Mental illness in the minority community is in the spotlight this month. July is National Minority Mental Health Awareness Month. And Monday, July 7, was the annual #NoShameDay, which focuses on blogs and tweets to help raise the visibility of the issue.
Ethnic and racial minority groups tend to face greater exposure to racism, discrimination, violence, and poverty, which can influence their mental health. These challenges are often coupled with poor access to mental health care and a culturally-based stigma around mental health.
The 2013 CHAS offers insight into minority mental health needs and barriers in Colorado.
A similar percentage of non-Hispanic whites (7.7 percent) and Hispanics (7.1) report that there was a time in the 12 months before the survey when they didn’t get needed mental health care or counseling services But nearly 12 percent of non-Hispanic minorities, a group that includes blacks, Asians and American Indians, report an unmet mental health need – a significant difference from Hispanics.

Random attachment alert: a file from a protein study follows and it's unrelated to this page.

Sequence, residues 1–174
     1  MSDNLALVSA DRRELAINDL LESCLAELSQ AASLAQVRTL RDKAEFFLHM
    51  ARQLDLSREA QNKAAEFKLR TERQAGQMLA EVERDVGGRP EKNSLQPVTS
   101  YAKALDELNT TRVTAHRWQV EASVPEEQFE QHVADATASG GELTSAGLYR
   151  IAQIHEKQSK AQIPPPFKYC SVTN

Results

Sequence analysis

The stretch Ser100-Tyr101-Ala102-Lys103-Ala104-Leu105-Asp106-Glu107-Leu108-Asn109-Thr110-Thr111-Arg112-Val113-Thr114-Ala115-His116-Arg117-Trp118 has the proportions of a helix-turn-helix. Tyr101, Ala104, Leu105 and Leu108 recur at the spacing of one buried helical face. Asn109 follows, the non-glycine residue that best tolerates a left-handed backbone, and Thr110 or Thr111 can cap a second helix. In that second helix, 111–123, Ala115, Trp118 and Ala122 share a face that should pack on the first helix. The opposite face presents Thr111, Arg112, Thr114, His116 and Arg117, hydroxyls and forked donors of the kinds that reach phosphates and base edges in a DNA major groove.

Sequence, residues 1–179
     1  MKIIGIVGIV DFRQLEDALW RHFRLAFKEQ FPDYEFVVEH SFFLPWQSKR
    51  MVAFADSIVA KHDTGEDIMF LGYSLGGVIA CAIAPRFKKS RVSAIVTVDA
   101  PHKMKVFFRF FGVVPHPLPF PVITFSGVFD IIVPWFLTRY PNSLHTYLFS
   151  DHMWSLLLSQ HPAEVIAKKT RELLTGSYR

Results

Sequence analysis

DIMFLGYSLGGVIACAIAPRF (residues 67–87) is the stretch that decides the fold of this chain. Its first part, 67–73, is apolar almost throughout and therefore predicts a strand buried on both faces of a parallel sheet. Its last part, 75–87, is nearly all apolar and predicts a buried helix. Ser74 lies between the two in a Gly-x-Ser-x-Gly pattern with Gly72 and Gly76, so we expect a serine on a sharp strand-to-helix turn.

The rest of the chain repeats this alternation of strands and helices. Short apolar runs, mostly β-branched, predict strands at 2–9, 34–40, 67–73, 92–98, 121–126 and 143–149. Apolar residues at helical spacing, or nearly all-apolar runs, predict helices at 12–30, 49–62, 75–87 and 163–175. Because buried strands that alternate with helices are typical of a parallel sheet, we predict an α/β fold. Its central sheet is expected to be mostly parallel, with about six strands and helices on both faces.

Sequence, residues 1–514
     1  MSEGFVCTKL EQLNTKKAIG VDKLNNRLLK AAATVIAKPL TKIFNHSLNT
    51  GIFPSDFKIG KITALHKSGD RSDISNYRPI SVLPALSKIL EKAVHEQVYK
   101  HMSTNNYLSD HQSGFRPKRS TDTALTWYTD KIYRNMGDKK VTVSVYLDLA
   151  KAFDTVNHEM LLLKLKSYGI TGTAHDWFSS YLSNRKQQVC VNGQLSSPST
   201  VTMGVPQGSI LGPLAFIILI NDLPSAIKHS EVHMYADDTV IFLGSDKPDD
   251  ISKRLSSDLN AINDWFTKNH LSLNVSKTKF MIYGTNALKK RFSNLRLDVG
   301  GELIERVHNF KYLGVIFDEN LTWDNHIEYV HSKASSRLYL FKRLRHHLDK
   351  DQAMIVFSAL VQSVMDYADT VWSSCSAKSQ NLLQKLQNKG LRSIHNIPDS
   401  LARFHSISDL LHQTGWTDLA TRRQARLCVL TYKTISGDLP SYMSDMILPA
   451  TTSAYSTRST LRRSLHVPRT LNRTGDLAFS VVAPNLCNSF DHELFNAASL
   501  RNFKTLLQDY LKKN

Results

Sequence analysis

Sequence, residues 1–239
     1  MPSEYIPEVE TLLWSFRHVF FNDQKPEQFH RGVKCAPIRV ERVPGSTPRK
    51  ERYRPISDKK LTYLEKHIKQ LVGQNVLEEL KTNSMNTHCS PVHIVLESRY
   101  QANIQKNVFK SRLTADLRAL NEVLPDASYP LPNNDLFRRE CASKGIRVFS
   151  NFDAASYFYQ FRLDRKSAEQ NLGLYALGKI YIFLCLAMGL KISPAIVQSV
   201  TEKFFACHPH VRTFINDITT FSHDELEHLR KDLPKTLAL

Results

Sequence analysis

Those who reported having an unmet mental health need were then asked why they hadn’t seen a mental health care professional. Significant differences between race/ethnic groups are shown for the response that they did not feel comfortable talking with a health professional about personal problems.
About four of 10 Hispanics (40.3 percent) and non-Hispanic minorities (45.7 percent) reported this lack of comfort as a barrier, nearly twice the percentage of non-Hispanic whites (25 percent).
This finding suggests that Hispanic and minority communities face a heightened barrier to receiving mental health care, which may be related to stigma, or a lack of culturally and linguistically competent services. As Colorado becomes increasingly diverse, the CHAS will help bring awareness to minority mental health issues by tracking any disparities between race/ethnic groups.